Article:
Furthermore support is given in all of the following areas;

  • Nutritional, educational and practical advice are routinely given.
  • Clients are given information and guidelines on motivational changes, menu planning and education on super foods and portion control.
  • Direction is given regarding life style changes.
  • An important part of my work is working with clients to support them into developing a healthy relationship with food.
  • Educating and supporting clients  in how to balance their blood sugars which are essential for both physical and mental well-being. Balanced blood sugars stop food cravings that often lead to binging and an addiction to sweet foods.
  • I work as a coach, a mentor as well as a sponsor for change throughout this work.
  • Food diaries are worked with as a therapeutic tool at, as it allows us to begin to understand patterns of behaviour and highlight feelings/or indeed lack of feelings which trigger dysfunctional eating.
  • A comprehensive life line is compiled focusing on age and weight which is an extremely effective intervention.
  • Assignments are routinely given (according to personal requirements), addressing all the maintaining factors and other contributing obstacles (if applicable) such as obsessive compulsive disorder, anxiety, depression, body dysmorphic disorder (BDD) Personality Disorders  and substance abuse. The latter factor often treads a weary path alongside the eating disorder and need to be dealt with as a part of recovery.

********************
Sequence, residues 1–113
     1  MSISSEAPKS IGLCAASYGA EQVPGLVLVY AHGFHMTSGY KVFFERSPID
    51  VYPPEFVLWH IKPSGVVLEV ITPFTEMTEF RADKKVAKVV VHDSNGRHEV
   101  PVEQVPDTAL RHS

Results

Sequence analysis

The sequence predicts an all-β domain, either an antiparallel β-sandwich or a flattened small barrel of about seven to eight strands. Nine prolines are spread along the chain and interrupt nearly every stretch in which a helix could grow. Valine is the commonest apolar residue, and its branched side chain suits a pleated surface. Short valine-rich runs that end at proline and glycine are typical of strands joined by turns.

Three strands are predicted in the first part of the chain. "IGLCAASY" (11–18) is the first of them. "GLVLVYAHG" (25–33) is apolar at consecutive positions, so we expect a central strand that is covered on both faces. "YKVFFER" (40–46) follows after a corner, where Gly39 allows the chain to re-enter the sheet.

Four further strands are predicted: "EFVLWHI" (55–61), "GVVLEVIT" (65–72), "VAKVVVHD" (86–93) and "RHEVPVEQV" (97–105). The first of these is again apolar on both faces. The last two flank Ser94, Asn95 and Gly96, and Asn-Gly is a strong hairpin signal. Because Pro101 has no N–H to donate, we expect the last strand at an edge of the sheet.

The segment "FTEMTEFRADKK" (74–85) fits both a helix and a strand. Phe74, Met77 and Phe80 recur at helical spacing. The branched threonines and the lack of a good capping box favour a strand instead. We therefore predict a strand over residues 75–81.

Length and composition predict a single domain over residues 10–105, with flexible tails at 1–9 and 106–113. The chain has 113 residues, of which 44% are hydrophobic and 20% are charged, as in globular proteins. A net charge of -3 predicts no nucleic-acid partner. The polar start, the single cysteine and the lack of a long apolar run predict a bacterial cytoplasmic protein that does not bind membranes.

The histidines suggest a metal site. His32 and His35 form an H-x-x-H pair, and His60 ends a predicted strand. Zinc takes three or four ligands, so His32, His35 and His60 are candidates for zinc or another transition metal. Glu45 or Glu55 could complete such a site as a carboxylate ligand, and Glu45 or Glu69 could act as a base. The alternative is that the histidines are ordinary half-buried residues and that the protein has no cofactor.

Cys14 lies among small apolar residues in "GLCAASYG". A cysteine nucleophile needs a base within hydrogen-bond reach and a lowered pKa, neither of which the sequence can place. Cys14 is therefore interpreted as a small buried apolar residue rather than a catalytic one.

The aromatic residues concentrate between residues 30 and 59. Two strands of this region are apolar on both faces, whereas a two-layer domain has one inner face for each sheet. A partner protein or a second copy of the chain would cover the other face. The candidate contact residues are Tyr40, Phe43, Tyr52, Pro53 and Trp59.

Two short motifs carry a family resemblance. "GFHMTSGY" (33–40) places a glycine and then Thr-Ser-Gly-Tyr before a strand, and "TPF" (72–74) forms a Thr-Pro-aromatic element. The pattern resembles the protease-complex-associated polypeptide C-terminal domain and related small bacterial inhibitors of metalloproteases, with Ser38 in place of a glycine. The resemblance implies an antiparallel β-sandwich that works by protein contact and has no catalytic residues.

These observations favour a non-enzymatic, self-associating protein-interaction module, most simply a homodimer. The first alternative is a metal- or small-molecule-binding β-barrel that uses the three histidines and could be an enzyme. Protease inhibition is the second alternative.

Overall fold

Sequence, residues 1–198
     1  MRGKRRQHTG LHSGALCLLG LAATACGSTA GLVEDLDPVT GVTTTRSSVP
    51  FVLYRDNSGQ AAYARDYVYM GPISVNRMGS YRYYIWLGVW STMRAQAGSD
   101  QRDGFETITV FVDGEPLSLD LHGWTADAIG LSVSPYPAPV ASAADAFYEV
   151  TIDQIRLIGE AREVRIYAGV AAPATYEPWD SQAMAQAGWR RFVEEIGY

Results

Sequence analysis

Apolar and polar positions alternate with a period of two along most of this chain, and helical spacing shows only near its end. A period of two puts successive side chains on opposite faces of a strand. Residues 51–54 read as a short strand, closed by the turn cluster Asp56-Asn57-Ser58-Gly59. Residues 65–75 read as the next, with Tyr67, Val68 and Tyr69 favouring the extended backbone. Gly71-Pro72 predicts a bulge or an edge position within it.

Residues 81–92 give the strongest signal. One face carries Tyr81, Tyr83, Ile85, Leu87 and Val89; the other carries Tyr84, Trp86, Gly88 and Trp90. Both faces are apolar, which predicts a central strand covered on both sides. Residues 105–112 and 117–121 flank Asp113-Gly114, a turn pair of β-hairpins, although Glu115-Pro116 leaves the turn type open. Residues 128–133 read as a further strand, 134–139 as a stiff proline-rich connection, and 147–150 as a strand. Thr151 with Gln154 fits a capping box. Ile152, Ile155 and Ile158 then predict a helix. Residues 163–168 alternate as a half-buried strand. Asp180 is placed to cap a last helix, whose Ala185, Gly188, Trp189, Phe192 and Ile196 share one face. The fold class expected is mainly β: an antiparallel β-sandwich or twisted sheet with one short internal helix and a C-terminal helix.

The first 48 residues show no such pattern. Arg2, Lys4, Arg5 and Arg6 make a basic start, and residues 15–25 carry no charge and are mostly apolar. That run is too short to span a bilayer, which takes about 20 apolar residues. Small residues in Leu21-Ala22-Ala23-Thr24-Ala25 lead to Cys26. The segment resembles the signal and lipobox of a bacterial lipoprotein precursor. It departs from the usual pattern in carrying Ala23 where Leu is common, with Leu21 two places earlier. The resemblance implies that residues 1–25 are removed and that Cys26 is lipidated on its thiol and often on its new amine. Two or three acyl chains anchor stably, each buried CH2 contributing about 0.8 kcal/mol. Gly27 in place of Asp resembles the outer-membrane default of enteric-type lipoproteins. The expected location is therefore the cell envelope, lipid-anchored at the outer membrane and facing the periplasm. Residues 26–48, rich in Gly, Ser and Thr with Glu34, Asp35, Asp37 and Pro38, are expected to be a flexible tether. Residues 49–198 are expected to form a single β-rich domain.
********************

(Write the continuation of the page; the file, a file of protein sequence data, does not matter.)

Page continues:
• A nutritionist who works with me is often a necessity and occasionally a non-negotiable part of the therapeutic package.
  • I will use, (if appropriate and if a client desires) the Emotional Freedom Technique which can disempower the addiction to certain foods (chocolate for example).
  • Work is directed in supporting clients in developing stimulus control.
  • Relapses are routinely accepted and indeed considered useful in order to support long term changes.
  • I am more likely to be in contact with GP’s or medical professionals (if necessary).
  • Use and misuse of exercise is addressed and activity guidelines supplied.
  • We need to motivate ‘self efficacy’, so that a belief in long term change thus becomes part of the clients belief system.
  • Work on self esteem and assertiveness training is vital as from my experience we cannot begin to say no to food, until we are unable to say no to other people.
  • Family therapy, especially for clients under the age of consent is often a therapeutic requirement.
  • Educating and therapeutically supporting the family and caregivers as to how to deal with a loved one with an eating disorder is often an important part of my work.
  • Counselling clients who are considering or about to embark on Bariatric surgery is a significant part of my work, as is post operational therapy.

Finally, my experience and training has taught me amongst many other things, that it takes only two things to support a successful therapeutic journey, a willing counsellor and a willing client, therefore if together and committed we can only succeed!